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PostPosted: Thu Mar 04, 2004 8:43 am    Post subject: Reply with quote

But I still don't get it. Would it be okay if I did the 2G/2G split instead? Does someone know HOW much performance is lost?

And how does Windows (XP) manage this so well? The kernel seems like such a well thought-through project, there must be a reason it slows down Linux, but I have heard no such thing about Windows? :wink:
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PostPosted: Thu Mar 04, 2004 9:56 am    Post subject: Reply with quote

If you're using a 2.4 kernel, with 1GB of memory, then the benefit of the extra memory is not more than the performance lost from the kernel having to manage that extra memory. The code/data structures used in 2.4 were not particularly efficient, causing a slight performance hit when highmem was enabled. With 2.6 kernels, this has been optimized, so it's not a problem anymore (ie. go ahead and turn on highmen).

For 2.4 kernels, one way around this performance hit is to get the patch which changes the split. The downside to this is that your maximum process size is smaller, but this fortunately won't be a problem for most people.
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PostPosted: Tue Mar 16, 2004 7:13 pm    Post subject: Reply with quote

ok. i've read this thread before enabling highmem so i decided to do it.
unfortunately, in about 30 minutes my gentoo was already requesting swap (and i have 1 Gb of RAM), and NO PROCESSES where listed that would eat that amount of RAM.

i went back to a NON highmem enabled kernel and now my (heavy loaded) server is at 400Mb memory load.

i am running gentoo-dev-sources with kernel 2.6.4 and i have web, email, sql and some other smaller services.

so my answer is NO. DO NOT ENABLE HIGHMEM.
i will subscribe and follow this thread in case anyone requires some more details.
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PostPosted: Wed Mar 17, 2004 6:40 am    Post subject: Reply with quote

Ummm I have have Highmem enabled and right now with 20 tabs and mplayer and blender and gimp going my memory usage is 184 megs I highly doubt that Highmem is an evil thing.
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PostPosted: Wed Mar 17, 2004 9:02 am    Post subject: Reply with quote

yeap. sorry for the previous post but i was kinda upset on the matter :-)

apparently there was no bug and no memory leak in the highmem enabled kernel, but rather the optimization that linux does in order to speed things up, and it was normal behaviour.
the extra memory used was probably used by the caching and buffers, so enabling highmem might be safe.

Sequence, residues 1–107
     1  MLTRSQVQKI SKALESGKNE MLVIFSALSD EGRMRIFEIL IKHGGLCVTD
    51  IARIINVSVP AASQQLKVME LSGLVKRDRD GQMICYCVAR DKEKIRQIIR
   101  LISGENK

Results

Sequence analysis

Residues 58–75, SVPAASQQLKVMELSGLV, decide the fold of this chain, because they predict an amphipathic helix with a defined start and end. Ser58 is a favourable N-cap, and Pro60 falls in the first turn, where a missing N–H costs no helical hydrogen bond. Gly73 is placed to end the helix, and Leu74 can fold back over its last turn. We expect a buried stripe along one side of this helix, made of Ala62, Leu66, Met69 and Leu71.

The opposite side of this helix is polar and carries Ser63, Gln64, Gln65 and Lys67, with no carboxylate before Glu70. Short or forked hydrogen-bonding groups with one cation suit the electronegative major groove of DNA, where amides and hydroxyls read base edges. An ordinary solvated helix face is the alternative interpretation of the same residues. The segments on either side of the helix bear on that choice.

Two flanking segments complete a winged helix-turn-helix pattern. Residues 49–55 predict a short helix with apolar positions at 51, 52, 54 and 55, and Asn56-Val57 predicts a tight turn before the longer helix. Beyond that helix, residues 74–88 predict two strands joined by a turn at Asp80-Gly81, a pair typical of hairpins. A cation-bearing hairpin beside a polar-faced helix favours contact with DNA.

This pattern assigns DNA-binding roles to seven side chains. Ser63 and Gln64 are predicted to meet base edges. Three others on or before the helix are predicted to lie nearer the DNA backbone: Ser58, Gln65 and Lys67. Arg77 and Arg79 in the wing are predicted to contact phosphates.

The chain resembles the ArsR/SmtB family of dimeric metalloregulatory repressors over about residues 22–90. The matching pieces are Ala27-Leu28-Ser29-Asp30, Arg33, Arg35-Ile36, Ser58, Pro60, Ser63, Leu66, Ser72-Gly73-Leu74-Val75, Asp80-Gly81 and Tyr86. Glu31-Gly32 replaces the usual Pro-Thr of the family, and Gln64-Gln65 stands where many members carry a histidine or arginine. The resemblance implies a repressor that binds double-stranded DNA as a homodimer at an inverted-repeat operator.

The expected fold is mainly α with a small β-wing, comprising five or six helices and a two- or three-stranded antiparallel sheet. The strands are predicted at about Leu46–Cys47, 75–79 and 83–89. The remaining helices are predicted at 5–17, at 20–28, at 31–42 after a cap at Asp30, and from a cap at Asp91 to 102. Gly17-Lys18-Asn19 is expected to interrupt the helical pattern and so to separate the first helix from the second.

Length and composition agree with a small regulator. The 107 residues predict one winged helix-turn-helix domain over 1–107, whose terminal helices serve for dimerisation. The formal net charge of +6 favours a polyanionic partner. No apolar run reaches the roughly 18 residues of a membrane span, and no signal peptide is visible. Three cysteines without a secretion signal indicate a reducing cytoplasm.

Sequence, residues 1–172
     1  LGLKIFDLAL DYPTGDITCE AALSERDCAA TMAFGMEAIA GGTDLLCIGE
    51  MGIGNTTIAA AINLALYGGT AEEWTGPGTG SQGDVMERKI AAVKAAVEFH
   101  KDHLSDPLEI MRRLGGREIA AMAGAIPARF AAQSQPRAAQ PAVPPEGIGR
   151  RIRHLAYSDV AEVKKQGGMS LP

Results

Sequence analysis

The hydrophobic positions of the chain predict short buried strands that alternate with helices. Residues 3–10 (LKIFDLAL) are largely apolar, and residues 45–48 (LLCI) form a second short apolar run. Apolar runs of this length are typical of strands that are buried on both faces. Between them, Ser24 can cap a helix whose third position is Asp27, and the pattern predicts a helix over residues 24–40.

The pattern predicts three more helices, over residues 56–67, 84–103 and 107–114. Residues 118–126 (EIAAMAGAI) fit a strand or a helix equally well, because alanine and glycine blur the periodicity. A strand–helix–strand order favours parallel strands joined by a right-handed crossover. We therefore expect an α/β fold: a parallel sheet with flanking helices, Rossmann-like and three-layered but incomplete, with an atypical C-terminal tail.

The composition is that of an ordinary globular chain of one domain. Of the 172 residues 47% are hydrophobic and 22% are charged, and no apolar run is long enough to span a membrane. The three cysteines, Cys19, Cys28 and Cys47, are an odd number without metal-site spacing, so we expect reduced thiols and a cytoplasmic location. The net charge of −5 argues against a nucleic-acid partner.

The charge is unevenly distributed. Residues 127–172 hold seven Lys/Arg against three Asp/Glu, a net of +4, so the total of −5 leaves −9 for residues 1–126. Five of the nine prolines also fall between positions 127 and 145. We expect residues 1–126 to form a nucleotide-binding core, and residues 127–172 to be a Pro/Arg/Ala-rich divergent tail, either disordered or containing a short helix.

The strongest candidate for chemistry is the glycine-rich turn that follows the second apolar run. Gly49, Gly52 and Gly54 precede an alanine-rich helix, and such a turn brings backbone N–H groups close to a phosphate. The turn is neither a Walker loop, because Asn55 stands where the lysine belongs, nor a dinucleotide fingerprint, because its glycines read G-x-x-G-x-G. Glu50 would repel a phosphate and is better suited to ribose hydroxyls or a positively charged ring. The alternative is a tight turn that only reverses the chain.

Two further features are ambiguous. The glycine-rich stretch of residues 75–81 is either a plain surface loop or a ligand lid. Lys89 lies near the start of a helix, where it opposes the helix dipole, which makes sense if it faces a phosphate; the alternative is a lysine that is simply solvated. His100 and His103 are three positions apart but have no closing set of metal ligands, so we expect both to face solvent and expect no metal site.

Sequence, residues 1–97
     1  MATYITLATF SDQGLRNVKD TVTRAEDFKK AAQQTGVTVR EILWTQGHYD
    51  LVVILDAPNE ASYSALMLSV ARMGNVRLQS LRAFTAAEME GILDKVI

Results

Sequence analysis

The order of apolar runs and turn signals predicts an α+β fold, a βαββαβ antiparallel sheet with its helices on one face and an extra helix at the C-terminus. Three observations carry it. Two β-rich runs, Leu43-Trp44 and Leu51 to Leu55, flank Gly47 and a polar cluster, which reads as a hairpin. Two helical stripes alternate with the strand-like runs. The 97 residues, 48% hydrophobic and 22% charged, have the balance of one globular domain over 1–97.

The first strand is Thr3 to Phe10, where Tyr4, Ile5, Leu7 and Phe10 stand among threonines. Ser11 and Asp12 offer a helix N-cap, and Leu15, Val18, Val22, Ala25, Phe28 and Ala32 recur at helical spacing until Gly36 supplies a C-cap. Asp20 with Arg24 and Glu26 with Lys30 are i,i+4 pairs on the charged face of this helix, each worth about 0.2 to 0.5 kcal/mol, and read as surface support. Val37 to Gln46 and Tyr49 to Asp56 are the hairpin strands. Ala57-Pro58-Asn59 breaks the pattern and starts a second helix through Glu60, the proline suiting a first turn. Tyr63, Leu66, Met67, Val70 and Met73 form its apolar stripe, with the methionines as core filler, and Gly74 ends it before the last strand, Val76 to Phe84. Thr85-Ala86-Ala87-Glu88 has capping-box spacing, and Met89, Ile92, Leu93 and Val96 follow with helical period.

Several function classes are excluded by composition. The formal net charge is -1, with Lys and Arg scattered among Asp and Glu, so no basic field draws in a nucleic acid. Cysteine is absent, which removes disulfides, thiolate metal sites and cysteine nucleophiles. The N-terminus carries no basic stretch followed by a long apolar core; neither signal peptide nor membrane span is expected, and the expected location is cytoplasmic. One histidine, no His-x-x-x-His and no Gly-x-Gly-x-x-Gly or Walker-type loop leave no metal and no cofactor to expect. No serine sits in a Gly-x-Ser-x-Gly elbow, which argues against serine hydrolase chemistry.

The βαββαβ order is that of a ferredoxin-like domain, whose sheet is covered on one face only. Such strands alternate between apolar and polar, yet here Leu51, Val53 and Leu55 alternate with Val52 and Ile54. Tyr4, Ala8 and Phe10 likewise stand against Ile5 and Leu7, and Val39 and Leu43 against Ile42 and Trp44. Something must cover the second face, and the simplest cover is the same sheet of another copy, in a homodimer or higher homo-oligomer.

just thought i had to clarify this.
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PostPosted: Wed Mar 17, 2004 5:34 pm    Post subject: Reply with quote

If anyone wants dirty details they will have to learn the secrets of virtual memory.

Remember back in the old days of DOS? If you wanted to access memory above 1 MB, you had to "page" it into low memory. This is what things like EMM386 and what not did.

Well, 32 bits didn't prevent that problem, just moved it. And the kernel uses virtual addresses, but 2.4 only deals with 4 GB total of virtual memory. The default split is 1GB for real memory/ 3 GB for virtual addresses. Well, if you have more than 1GB (minus some room for device drivers, etc), then the real addresses overlap the virtual addresses.

So the kernel has to be able to page requests. Each paging request causes a memory copy, which is a performance hit. So for small amounts of memory, it just isn't worth it.

But you can make the split 2GB / 2GB, or enable the HIGHMEM directive (which does page).

So if you have gobs of RAM, highmem is still OK.

And the 64 bit processors will have a problem someday too, around 9223372036854775808 bytes of RAM..... ;)
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PostPosted: Thu Mar 18, 2004 10:44 am    Post subject: Reply with quote

Quote:
And how does Windows (XP) manage this so well?
And how do you know that it does 8O. In fact XP has "highmem" enabled all the time so you wouldn't notice any performance changes since there was no way to test it with a "lomem" setting.

Reading stuff that kernel hackers write sometimes makes me feel that the Linux system is a very unstable and unfinished project but then I have to really pinch myself really hard and understand that the reason why I'm feeling like this is that the other OS:es like Microsofts does not have this openess so that is why I will never hear of such problems etc with them. So never assume that other OS:es do not have problems just because you have never heard of them!
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PostPosted: Sun Jul 11, 2004 4:27 pm    Post subject: Reply with quote

I did this (http://www.uwsg.iu.edu/hypermail/linux/kernel/0402.1/1506.html) and it seems to work nicely w/o using highmem.
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PostPosted: Tue Dec 14, 2004 6:55 am    Post subject: Reply with quote

There is also now the 1gig_low_mem patch available in Con's CK patch set if anyone is still following this thread.
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PostPosted: Tue Dec 14, 2004 10:19 am    Post subject: Reply with quote

Yes, Con obviosly put above findings into that patch. ;)
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PostPosted: Tue Dec 14, 2004 10:40 am    Post subject: Reply with quote

ive got the patch myself if anyone wants it